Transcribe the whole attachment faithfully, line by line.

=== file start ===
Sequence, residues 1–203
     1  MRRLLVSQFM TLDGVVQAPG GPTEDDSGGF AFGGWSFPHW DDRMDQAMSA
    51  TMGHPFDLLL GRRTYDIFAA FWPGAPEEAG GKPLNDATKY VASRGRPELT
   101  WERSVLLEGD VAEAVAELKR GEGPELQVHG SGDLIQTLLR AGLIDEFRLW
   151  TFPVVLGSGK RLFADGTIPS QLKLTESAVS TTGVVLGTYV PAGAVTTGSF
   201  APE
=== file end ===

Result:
Sequence, residues 1–203
     1  MRRLLVSQFM TLDGVVQAPG GPTEDDSGGF AFGGWSFPHW DDRMDQAMSA
    51  TMGHPFDLLL GRRTYDIFAA FWPGAPEEAG GKPLNDATKY VASRGRPELT
   101  WERSVLLEGD VAEAVAELKR GEGPELQVHG SGDLIQTLLR AGLIDEFRLW
   151  TFPVVLGSGK RLFADGTIPS QLKLTESAVS TTGVVLGTYV PAGAVTTGSF
   201  APE